The most important thing you can do is stop being angry at the prospect for asking.

Put yourself in their shoes for a moment. If you were given the choice between getting a new computer for free or paying for the same computer, you’d pick free every time — and you’d never think about the company who doesn’t get paid for the sale. Why would you?

I know free is my favorite price for everything.

It is your prospect’s prerogative to ask for your time for free. Let me say that again — it is their prerogative to ask.

In fact, they’d be missing a golden opportunity if they paid for something when they didn’t have to. You can’t blame the prospect for taking the smart route.

You’re also missing the subtle compliment that goes with being asked for advice.

When someone asks you for your time for free, be grateful that they view you as someone who can offer valuable advice. Gary Vaynerchuk constantly says how grateful he is to get thousands of emails a day — he doesn’t take it for granted that every one of those people thinks that he is worth taking time out of their life to write to him.

Everyone asking for your time is already “sold” on you to a degree — they must be or they wouldn’t be asking you for more! Instead of viewing them as a dead-end cheapskate, see them as someone who is so invested in you that they’ll either be a potential client or a source of referrals.

2. Clearly establish your service offerings

Sometimes people ask you to work for free because you haven’t given them anything to buy.

When I offered web design I didn’t have any packages for ongoing support. I charged clients a per-project fee, and considered the project done when the client signed off on the design.

Invariably, people would contact me after the project was officially “over” with some tiny request — things that literally took 5-10 minutes of my time. Crafting a new invoice for this small request seemed silly, yet all of these requests were starting to seriously eat up my time.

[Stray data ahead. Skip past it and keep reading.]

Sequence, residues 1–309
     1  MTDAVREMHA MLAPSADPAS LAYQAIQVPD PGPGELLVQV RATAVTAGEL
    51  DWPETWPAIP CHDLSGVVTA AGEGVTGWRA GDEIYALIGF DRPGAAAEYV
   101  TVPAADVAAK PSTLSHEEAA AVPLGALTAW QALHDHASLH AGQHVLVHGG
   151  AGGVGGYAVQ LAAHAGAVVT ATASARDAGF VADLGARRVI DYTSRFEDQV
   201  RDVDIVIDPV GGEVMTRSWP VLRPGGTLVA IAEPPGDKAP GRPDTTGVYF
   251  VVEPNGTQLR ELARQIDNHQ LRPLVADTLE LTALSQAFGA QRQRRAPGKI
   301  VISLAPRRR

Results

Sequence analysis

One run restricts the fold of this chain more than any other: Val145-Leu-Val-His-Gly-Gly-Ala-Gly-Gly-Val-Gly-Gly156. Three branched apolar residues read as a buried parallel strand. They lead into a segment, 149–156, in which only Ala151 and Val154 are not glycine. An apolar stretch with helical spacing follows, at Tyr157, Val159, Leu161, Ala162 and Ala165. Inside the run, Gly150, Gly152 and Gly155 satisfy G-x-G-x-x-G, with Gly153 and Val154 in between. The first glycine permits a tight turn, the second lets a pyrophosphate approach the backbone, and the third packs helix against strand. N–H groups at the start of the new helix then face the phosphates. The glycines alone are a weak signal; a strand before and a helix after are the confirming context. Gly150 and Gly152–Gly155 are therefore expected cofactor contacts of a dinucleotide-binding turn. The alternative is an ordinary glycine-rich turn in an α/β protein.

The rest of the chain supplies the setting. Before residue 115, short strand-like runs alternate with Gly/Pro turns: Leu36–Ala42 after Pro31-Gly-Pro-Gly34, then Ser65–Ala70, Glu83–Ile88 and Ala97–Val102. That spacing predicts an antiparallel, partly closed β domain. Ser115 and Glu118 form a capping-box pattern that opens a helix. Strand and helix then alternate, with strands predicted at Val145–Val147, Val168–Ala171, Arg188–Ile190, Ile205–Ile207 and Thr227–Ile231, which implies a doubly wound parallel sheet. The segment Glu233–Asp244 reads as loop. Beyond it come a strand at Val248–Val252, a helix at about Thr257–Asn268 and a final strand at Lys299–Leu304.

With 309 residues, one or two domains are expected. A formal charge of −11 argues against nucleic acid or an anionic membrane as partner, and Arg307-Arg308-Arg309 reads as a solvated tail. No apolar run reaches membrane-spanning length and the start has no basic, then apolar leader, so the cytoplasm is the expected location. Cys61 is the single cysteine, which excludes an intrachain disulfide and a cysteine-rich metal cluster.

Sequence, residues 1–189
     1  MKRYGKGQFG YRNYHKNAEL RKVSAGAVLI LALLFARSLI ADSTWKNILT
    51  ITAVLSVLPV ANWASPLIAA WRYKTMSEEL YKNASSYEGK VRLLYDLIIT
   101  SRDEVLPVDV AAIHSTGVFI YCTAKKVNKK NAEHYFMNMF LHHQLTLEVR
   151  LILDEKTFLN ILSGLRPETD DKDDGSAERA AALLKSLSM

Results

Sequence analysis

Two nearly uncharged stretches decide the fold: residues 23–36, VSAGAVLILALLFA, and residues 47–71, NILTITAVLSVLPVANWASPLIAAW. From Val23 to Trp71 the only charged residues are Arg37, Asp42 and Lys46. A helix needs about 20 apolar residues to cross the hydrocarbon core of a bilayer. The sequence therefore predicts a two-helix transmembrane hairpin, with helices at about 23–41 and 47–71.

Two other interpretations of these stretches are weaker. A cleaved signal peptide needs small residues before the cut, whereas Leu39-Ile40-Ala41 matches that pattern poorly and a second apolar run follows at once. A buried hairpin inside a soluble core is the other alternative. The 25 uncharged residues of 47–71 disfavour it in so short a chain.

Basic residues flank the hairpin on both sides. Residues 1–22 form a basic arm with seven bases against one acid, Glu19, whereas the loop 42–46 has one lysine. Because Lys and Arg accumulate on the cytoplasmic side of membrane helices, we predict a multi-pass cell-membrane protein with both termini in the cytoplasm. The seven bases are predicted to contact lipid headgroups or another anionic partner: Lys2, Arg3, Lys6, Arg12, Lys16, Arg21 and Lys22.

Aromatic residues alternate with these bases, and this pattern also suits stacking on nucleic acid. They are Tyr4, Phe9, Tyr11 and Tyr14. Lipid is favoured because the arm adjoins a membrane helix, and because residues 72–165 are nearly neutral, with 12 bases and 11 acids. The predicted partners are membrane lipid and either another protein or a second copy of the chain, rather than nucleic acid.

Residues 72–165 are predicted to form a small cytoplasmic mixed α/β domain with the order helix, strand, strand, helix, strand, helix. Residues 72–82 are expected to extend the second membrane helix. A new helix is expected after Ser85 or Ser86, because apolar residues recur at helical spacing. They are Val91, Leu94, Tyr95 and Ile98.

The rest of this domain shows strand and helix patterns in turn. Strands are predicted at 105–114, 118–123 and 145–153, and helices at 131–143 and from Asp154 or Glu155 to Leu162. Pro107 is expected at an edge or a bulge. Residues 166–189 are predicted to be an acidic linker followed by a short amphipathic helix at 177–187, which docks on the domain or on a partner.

I started to feel like I had to provide free service for life for each one-time purchase, and I felt like people were taking advantage of me when they asked for these small favors.

Looking back, I can see that they weren’t taking advantage of me. The issue was mine. I should have had a clearly-defined ongoing support package to offer in response to those requests.

That would have made things clear — either you had purchased my ongoing support or you hadn’t. As it stood, everyone was in the grey zone.

If you don’t like people asking for your time for free, but also don’t have any sort of well-defined offer in place to charge them for that time, the blame falls squarely on you.

vía The Simple Tricks Experts Use to Always Get Paid For Their Time | Copyblogger.

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This was a recent project for Adidas Originals


Adidas
Image via Wikipedia
Will try and get better pics soon.

This was a recent project for Adidas Originals. It is a 20’x5′ billboard design. It was showcased on their display at the Project, Las Vegas Show 2010 this month. The stipulations were to use the traditional Adidas blue and for the design to include the phrase “Celebrate Originality”.
Big thanks to HappyLucky.